This week, we want to make sure Susan Jakes is on your radar. 

She’s the editor of ChinaFile and Senior Fellow at Asia Society’s Center on U.S.-China Relations. She’s lived and worked in China, for Time magazine, first as a reporter and editor based in Hong Kong and then as the magazine’s Beijing Correspondent.

Jakes is fluent in Mandarin and holds a B.A. and M.A. from Yale in history. Her doctoral studies at Yale, which she suspended to join Asia Society, focused on modern Chinese history and global history of ecology.

FPI: What is ChinaFile?

It’s a one-year-old online magazine about China. We commission a wide range of types of reporting from both Chinese and non-Chinese journalists, scholars, photographers and filmmakers. Our stories run on our own site and we also publish them in larger outlets including Foreign Policy. We also create archives of the best China coverage from other publications, among them The New York Review of Books. We want it to be easier and more convenient for English speakers—Americans in particular—to develop more widely informed, nuanced views of China. That’s the main goal, at least.

The idea came out of conversations I had in the summer of 2010 with Orville Schell, who directs the Center on U.S.-China Relations and who has been writing about China for many decades.

I’d just finished my qualifying exams for my Ph.D. at Yale, when an email arrived with the subject heading “Schell calling” and said something like, “I’m kicking around an idea. Wanna come down to New York and chat it about it?” There’s really only one plausible answer to that kind of invitation when Orville’s the one asking, so I got on the train.

We talked about the number of U.S. publications closing their bureaus in China. We talked about the number of relatively unknown, institutional fragile and yet dependably high quality blogs on China and Orville’s (correct) assessment that few of them would survive more than a couple of years. We thought we could try to take advantage of Asia Society’s long history and institutional solidity to build a publication that could both fill some of the gaps in mainstream news coverage of China and also support and kind of federate some of the existing smaller sites. So I took what was supposed to be one-year leave from my Ph.D. program to get the thing started. And I’m still at it.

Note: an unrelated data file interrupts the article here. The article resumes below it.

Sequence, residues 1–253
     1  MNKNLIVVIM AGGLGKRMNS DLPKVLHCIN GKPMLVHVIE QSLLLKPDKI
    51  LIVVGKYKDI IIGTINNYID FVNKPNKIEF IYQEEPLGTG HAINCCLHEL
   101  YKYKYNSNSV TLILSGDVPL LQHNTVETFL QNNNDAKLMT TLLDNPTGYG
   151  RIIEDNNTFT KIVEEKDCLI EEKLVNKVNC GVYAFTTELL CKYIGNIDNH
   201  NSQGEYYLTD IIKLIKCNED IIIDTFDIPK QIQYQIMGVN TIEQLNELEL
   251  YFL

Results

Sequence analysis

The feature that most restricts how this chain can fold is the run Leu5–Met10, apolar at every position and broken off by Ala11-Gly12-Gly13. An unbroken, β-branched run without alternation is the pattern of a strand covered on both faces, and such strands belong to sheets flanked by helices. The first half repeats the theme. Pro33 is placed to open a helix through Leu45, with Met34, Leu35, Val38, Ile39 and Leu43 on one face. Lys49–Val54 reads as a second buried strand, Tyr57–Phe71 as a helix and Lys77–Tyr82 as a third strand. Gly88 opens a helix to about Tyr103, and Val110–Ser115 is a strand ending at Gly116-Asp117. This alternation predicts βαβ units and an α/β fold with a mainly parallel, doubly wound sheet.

FPI: What sparked your interest in China?

During my first or second year of high school, Li Lu, one of the students leaders of the Tiananmen protests of 1989, who had just made it out of China spoke at my high school in New York and deeply impressed me. But I didn’t really have any interest in China growing up. It was in college, at Yale, that my roommate kind of dragged me to a lecture by the great historian, Jonathan Spence. (She referred to him, as everyone else did, only by his last name. I’m embarrassed to say, I’d never heard of him.) The lecture was about 10 things Spence found fascinating about China. It was 50 minutes. And it completely changed the course of my life. Spence became my advisor and mentor.

I studied Chinese at Middlebury for a couple of summers and then spent my first year after Yale studying Chinese in China, in Beijing and in Harbin, in the far northeast of the country.

While I was there, the Chinese government released the Chinese dissident, Wei Jingsheng, who’d been in prison for 19 years, and sent him to the U.S. on “medical parole” ahead of President Clinton’s trip to China the following year. When I got back to the U.S. I spent a year as his personal assistant and interpreter. I ran around the world with him as he lobbied for greater international pressure on China to improve human rights.  It was an incredible education, but it also—paradoxically maybe—made me want to get back to China. Wei had written some essays for TIME’s Asia edition, which I’d translated. I was in no sense a journalist, but the editors took a gamble and hired me as a reporter in their Hong Kong headquarters. Pretty soon I was back in China pretty regularly reporting. And in 2002 I moved up to Beijing full time.

FPI: When you went back as a reporter, what stories resonated with you?

Even in 2000 the pace of change in China was amazing. That made it a great place to be a reporter.

One story that stands out to me, looking back, came toward the end of my time there. TIME was doing a special issue based on the travels of Marco Polo and sending reporters to the cities Polo claimed to have visited. I went to Hangzhou—south of Shanghai. In Polo’s time, and for several centuries it had been the world’s capital of silk production, so I went there to talk to an executive at one of the country’s largest silk producers.